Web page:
Sparse Snowfall in Eastern Interior Leaves Little Ground Insulation, Dry Wildfire Fuel

Mar 13, 2019

Spring officially begins in a week, though warm weather and lack of snowfall in the eastern Interior makes it seem like the equinox is already here. But it’s a different story on the western side of the state.


Much of what little snow has fallen in the eastern Interior has melted away this week, due to a warm spell that’s set in over the region. Unlike the situation in the western Interior and the southern slope of the Brooks Range.

The February Alaska Climate Research Center shows the abundant precipitation communities on Alaska's western coast have been getting this year, compared with much less precip in the eastern portion of the state.
Credit Alaska Climate Research Center

“In the Koyukuk Valley, there’s been a lot of snow – in some places, double the normal snowpack,” says Rick Thoman, a climate specialist with UAF’s Alaska Center for Climate Assessment and Policy. “In Bettles, (it’s) the greatest snowpack since the winter of 1992-’93.”

But Thoman says snow is sparse in some areas in the central and eastern Interior, especially along the Alaska Range.

“There’s only a foot of snow on the ground at Denali Park headquarters right now,” he said. “The normal for this point in the season would be over 20.”

Thoman says the problem is even more pronounced toward the eastern portion of the Interior, especially around Delta Junction.

“In the Delta area and farther up the Tanana Valley,” he said, “snowfall is quite thin – really, from about Shaw Creek all the way up to Tok and the Northway area.”

Thoman says Tok’s gotten about 30 inches of snow this year, about two-thirds the normal amount. But it’s still about twice as much as some areas around Delta Junction have gotten.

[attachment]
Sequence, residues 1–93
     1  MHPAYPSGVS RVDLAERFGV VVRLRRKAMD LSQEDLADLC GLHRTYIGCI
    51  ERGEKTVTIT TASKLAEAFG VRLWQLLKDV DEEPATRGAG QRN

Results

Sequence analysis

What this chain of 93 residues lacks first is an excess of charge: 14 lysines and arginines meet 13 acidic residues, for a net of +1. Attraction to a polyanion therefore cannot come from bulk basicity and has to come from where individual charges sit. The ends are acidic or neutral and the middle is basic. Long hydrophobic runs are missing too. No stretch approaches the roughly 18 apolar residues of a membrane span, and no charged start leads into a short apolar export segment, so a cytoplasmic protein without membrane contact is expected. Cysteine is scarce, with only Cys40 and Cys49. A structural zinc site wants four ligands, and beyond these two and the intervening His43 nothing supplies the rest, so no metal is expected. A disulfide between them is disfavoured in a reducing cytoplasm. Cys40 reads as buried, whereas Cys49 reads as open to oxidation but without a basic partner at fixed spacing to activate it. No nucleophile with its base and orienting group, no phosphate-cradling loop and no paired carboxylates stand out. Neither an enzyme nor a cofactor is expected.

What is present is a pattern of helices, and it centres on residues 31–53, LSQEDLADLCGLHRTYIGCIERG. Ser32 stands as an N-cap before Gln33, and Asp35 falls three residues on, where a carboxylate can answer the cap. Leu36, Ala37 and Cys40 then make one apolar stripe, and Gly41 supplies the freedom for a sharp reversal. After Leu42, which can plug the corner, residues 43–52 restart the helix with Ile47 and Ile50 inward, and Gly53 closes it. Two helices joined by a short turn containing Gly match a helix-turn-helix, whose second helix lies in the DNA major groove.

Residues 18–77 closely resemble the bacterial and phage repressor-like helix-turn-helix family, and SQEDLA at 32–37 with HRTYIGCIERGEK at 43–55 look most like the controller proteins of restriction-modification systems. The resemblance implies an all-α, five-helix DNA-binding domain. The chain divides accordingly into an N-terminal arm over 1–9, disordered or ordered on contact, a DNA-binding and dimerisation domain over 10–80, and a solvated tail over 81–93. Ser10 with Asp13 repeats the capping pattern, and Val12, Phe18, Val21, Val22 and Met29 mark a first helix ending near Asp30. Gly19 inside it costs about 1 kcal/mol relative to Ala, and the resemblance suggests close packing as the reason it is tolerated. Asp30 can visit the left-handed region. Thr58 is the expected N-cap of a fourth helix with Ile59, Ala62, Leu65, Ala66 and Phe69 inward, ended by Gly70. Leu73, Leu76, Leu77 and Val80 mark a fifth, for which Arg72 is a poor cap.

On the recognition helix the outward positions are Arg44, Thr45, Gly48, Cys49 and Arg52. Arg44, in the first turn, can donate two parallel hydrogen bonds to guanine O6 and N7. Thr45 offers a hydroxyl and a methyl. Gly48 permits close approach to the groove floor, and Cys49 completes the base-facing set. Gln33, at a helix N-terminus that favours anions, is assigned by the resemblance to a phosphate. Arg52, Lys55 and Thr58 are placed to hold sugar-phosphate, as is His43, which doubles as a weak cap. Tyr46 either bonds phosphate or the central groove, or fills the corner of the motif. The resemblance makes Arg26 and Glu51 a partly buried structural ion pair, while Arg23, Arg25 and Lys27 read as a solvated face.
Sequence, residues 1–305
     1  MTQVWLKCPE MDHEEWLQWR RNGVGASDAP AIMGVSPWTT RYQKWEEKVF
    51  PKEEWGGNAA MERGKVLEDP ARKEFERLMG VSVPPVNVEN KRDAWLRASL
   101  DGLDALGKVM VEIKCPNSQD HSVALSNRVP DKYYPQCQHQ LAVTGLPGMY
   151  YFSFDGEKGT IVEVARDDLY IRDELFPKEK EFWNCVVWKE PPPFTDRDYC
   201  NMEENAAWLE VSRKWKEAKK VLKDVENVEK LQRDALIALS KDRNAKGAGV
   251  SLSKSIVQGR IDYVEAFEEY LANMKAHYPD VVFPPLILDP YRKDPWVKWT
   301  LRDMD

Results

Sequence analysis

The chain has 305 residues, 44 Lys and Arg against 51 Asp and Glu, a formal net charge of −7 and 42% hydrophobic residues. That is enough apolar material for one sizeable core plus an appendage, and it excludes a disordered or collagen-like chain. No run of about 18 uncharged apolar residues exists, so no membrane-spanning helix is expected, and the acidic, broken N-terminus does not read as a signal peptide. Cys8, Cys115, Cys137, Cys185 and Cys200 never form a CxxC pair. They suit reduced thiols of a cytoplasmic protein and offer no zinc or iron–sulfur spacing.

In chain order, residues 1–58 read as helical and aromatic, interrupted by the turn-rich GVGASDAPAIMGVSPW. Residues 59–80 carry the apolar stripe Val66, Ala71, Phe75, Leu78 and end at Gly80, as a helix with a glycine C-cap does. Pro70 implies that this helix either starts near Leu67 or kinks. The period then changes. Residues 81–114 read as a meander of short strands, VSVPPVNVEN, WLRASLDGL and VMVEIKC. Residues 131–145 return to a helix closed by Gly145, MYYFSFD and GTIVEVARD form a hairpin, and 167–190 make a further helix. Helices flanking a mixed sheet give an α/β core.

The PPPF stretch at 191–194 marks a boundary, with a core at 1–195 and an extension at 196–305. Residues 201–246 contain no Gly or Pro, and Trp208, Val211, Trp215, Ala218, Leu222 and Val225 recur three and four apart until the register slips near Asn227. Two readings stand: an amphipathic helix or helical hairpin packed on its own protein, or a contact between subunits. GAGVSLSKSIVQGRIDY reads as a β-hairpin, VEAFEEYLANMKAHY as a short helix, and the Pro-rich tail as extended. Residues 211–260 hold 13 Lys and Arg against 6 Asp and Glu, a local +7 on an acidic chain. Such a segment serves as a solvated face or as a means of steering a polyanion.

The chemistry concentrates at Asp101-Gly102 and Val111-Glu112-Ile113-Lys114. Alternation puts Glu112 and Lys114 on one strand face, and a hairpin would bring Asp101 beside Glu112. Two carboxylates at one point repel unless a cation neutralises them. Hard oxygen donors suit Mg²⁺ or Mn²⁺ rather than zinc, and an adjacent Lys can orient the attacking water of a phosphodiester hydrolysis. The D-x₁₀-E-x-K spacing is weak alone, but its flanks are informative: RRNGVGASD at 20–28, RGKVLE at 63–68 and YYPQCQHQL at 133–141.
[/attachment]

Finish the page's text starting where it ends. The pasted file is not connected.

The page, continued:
“They are a little better over that far east than in the Delta area,” he added, “but not a lot better.”

Thoman says a weather observer in the nearby town of Big Delta has recorded only about 14-and-a-half inches of snow so far this winter. That’s about a third of the area’s usual snowfall. And Thoman says the lack of ground cover has made buried water lines more susceptible to freezing up, as the frost line drops deeper into the ground.

“This is very typically the time of the year that, if there are going to be problems with freezing pipes underground, the tail end of winter and the spring is when those generally show up.”

Thoman says if the problem persists and precipitation remains well below-normal – and if temperatures remain well-above-normal – it also could lead to an early onset of this year’s wildfire season. State Forestry spokesman Tim Mowry agrees.

“What it really translates to is potentially an earlier start to the earlier fire season, where it’s the dead grass and leaves and all that stuff before the pre-greenup fire season,” he said.

But, Mowry says, it would not be unusual for the area to get more snow and cold weather in these last few weeks leading up to Breakup. “We could get a dump of snow between now and the next month,” he said.

But it doesn’t appear that’s likely to happen soon. And with the National Weather Service predicting the area’s daytime highs to reach in the upper 30s, it’s possible precipitation may fall in a liquid, instead of frosty, form.